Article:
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The Sparks Brothers 2021 Movie Review

The Sparks Brothers is a charming and in depth look at the Sparks Brothers and a tribute to the music they pioneered. Check out the details in my movie review.

The Sparks Brothers 2021 Movie Review

The new documentary film The Sparks Brothers showcases the life and times of the, you guessed it, Sparks Brothers. If you’ve never heard of them you are not alone. Widely described as the greatest most influential band you’ve never heard of, The Sparks Brothers, or simply Sparks, have been active as a band since 1967 and are still going strong today. Consisting primarily of real life brothers Ron and Russell Mael, Sparks has influenced a plethora of well-known and highly successful bands that you most assuredly have heard of, including Pet Shop Boys, New Order, Depeche Mode, Franz Ferdinand, Bjork, Siouxsie and the Banshees, Nirvana, and Faith No More. Check out all the details in my The Sparks Brothers movie review.

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The Sparks Brothers 2021 Movie Review

Sparks music is intensely clever, well written, highly satirical, and off the beaten path. Their songs runs the gamut of musical styles including, glam rock, power pop, art rock, synthpop, and techno among others. It is entirely possible and safe to say that they may have pioneered several of these genres before they were genres. Hailing from Los Angeles, the Mael brothers were steeped in the L.A. club scene of the early 1960’s which they no doubt took inspiration from. Vocalist Russell, not unlike Freddie Mercury, has an impressive vocal range and operatic style of singing, along with his brother Ron’s ingenious keyboard playing and songwriting skills led them to create wholly unique sounds that America just never seemed quite ready for. Under the moniker Halfnelson, they attracted the attention of the legendary Todd Rundgren in 1968 who helped get them signed to a record label. Their second album, A Woofer in Tweeter’s Clothing helped them achieve a cult following in Europe that they have maintained to present day.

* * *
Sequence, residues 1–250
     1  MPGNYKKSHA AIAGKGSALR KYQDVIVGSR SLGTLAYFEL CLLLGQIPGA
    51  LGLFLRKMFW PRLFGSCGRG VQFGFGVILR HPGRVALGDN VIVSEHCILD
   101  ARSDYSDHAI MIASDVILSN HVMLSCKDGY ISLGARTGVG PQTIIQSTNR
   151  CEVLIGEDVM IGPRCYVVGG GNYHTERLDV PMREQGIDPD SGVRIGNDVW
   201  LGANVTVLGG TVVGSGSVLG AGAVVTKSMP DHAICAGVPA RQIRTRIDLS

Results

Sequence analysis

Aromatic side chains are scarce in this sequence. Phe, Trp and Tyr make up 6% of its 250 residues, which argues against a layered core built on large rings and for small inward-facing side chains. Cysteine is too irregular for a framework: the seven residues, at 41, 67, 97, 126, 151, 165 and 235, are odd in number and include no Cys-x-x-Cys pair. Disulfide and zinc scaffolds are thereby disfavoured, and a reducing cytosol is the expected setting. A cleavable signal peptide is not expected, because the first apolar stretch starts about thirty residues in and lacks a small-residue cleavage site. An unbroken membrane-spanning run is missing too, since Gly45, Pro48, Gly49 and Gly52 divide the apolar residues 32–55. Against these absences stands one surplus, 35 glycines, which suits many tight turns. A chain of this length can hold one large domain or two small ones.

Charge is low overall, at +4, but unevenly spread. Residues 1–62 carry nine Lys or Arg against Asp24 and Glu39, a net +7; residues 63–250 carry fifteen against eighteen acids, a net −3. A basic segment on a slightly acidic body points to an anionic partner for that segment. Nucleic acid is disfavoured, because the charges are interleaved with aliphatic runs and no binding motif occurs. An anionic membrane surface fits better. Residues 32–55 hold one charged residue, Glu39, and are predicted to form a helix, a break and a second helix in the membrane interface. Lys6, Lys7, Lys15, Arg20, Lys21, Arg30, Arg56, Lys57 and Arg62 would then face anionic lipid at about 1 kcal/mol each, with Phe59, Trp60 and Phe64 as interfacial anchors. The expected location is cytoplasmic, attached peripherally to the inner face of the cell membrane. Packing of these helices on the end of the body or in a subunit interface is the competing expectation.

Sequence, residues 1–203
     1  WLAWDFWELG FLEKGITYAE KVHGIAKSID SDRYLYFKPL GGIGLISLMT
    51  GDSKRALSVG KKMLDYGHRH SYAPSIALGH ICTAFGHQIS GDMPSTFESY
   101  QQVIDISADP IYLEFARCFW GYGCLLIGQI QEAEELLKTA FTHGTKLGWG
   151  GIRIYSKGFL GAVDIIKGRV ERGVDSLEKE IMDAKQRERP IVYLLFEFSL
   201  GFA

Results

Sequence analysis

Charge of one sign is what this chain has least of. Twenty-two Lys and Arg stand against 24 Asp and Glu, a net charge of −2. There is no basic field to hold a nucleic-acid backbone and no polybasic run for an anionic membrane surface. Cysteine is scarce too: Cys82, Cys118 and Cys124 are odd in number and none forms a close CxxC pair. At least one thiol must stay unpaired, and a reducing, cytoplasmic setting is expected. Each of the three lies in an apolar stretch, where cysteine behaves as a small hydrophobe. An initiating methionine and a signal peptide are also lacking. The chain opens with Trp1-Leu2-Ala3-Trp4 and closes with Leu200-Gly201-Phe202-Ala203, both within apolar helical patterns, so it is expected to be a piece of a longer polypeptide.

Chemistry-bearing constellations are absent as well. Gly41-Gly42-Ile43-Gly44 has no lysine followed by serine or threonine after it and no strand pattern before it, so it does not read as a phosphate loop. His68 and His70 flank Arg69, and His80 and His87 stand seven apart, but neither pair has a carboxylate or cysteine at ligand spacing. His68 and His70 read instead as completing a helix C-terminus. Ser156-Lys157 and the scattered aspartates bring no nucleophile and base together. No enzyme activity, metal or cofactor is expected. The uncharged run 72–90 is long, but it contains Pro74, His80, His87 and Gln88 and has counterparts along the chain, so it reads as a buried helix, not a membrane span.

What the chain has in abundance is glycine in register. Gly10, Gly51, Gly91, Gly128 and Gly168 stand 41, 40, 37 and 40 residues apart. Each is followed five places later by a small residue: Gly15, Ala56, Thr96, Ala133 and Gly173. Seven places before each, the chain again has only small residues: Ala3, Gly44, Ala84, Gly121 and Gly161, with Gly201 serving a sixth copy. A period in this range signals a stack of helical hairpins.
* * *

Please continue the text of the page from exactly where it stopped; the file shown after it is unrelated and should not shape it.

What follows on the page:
Constantly reinventing their own sound, they were always at the forefront of the sonic landscape, pushing their own boundaries and testing those of their listeners. Sparks seemed to be perpetually ahead of their time, creating (to me) what amounted to that 80’s sound in the 70’s. They were a veritable gold mine for like-minded artistic individuals, and since they went relatively unknown in the U.S. (most assumed they came from the U.K. especially since they relocated there for many years), a lot of people had and continue to have no idea that their favorite bands drew heavy inspiration from Sparks. Although they had their up’s and down’s as far as successes in the business, they never measured their accomplishments monetarily. Sparks truly live for the music as evident by their sheer will to never be defeated and their natural ability to push the envelope over the course of their 50+ years and 25 album careers.

Much of the film The Sparks Brothers sees the Mael brothers describing the events of their inception to the current days and reflecting on the past and what it means to them to be on the most incredible journey that is Sparks. The rest is a heaping helping of their music which is equally impressive and sometimes annoying. As much as I enjoy quirky, odd, and zany music I can only take so much in a sitting. The 2 hour and 20 minute runtime for a documentary about a band you’ve never heard of at times was exhausting to sit through. Don’t get me wrong, it was completely eye opening and an amazing experience that acknowledged two exemplary human beings who have clearly paved the way for some of my favorite artists, but I felt like they could have trimmed it up by about 40 minutes. If you are into any type of modern music you owe it to yourself to check out The Sparks Brothers, you just may want to do it in a couple sessions.

The Sparks Brothers 2021 Movie Review

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